I wrote for the Law Society recently on the importance of having a strong personal brand. In a world where social media platforms continue to grow in importance and everyone can have a voice, I feel strongly about empowering people in the right way to “show up.” In this piece I discuss the evolution of the personal brand in business and the role it can play; a six step process to mapping out your approach and why we need to empower teams with guidance and training, rather than stifle and scare with policies.
Are you ready? Belt up….
Whether you love it or hate it, social media has had a dramatic impact on the world.
There are now an estimated 4.2 billion social media users globally, according to the Digital 2021: Global Overview report. The number of social media users has increased by an average of more than 1.4 million each day over the past 12 months — that’s 16.5 new users every single second. It’s pretty mind-blowing.
Whilst social media may not change the strategic fundamentals of great marketing, social media and digital trends continue to change the marketing landscape. It used to be that marketing had to be done through company channels, but by creating so many social media platforms we have democratized marketing. It has become a two-way street; just as businesses can communicate with people, now people can communicate back, from customers to the leaders to employees.
People buy people
I have always said that in the legal industry, people buy people. Buying decisions are often made on the strength of a relationship. People trust other people over a corporate logo, which is why client stories, testimonials and social proof carry much weight. We now find ourselves in a world where nearly every first touchpoint is digital, and every touchpoint is key to the perception of your brand. If you are not doing so already, it’s time to harness the power of the individuals in your business; from developing your personal brand as a leader to ensuring your employees use social media confidently, a personal brand has become a valuable business asset. Those who leverage theirs on social media effectively, with clarity and purpose, will see the return in terms of meaningful connections that convert into business opportunities.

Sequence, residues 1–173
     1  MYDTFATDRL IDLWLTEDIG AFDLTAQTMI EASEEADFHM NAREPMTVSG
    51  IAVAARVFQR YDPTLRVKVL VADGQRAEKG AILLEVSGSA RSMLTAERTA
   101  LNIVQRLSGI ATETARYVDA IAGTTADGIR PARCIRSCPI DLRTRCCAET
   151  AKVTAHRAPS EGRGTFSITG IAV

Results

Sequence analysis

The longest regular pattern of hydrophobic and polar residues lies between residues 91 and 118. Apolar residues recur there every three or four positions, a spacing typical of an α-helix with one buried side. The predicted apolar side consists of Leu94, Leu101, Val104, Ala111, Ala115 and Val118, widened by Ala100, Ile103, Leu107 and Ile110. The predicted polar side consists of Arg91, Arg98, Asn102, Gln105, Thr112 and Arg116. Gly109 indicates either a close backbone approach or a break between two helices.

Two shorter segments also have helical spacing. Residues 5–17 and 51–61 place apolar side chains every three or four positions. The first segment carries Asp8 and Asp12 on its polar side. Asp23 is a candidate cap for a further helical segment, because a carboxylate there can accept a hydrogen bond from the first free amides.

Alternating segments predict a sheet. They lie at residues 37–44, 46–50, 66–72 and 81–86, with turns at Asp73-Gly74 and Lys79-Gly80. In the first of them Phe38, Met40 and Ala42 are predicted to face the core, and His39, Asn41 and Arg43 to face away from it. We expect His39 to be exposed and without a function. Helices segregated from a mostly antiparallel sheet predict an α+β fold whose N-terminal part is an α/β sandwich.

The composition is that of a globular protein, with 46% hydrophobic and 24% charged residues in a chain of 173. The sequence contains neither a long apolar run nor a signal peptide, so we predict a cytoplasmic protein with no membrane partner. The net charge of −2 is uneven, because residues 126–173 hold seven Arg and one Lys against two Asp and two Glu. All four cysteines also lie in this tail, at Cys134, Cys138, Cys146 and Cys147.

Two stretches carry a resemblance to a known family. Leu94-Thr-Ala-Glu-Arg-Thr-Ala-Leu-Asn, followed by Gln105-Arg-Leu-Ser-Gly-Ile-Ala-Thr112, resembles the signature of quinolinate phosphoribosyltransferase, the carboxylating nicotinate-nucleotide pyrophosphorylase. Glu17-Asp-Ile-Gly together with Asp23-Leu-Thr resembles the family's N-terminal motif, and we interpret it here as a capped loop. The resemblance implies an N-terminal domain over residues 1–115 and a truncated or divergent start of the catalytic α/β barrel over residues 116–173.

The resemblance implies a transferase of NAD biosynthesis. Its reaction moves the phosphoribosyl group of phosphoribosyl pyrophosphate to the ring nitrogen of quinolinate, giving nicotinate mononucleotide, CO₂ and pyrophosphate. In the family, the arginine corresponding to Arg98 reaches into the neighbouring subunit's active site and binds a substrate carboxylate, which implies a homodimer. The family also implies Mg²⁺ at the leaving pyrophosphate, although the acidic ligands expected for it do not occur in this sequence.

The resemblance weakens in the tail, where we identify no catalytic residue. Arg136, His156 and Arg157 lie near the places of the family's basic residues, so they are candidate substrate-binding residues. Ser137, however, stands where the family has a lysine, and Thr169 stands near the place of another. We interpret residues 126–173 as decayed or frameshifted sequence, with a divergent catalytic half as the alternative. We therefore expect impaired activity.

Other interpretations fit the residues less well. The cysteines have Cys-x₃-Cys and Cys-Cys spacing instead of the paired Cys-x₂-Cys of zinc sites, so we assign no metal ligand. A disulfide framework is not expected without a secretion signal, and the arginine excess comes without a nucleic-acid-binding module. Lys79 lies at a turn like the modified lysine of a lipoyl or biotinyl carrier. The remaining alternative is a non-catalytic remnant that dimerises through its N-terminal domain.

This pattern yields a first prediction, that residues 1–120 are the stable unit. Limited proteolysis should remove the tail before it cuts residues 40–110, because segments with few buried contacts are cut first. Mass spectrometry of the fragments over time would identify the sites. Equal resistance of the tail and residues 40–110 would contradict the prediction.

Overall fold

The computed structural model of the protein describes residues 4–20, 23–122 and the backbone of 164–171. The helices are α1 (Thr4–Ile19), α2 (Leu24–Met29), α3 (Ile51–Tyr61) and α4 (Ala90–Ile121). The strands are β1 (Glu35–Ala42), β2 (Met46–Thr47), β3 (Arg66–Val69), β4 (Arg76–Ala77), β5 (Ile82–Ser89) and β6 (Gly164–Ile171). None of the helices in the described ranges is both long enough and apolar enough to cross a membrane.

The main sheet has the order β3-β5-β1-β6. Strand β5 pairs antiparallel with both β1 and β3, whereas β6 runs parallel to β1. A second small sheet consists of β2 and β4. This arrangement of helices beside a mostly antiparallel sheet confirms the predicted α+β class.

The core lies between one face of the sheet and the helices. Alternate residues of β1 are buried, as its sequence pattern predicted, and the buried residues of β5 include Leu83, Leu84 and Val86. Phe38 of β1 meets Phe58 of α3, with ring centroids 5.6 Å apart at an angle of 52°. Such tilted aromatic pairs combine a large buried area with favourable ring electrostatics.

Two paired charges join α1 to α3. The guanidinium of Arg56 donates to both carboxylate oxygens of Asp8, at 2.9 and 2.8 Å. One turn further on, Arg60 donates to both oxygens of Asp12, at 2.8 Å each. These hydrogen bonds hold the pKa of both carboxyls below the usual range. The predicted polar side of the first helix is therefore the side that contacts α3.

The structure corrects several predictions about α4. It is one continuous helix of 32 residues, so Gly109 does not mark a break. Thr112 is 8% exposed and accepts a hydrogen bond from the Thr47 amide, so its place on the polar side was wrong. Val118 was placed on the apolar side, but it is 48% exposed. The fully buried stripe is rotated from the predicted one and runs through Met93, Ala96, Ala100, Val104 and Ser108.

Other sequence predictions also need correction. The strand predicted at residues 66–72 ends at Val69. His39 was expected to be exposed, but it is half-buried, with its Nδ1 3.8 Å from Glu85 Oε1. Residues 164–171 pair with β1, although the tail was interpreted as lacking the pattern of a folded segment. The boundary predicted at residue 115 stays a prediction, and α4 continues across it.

Your personal brand as a leader
Social media allows you to access stakeholders and engage in meaningful ways. When you are transparent about your values, what you stand for, what you are looking to achieve, you are authentic and brave, people will follow you for who you are and what you represent. Social media enables you to show your human side and create a deeper connection with teams and customers.
There is much to consider before you launch onto your chosen social media platform. Some questions to ask yourself are:
- Who do you want to connect with?
- What’s your competitive space and how do you ensure you stand out?
- What are your professional areas of expertise, your business interests and your personal passions?
- What makes you different as a leader?
- How much are you prepared to share?
- How do you engage with your community?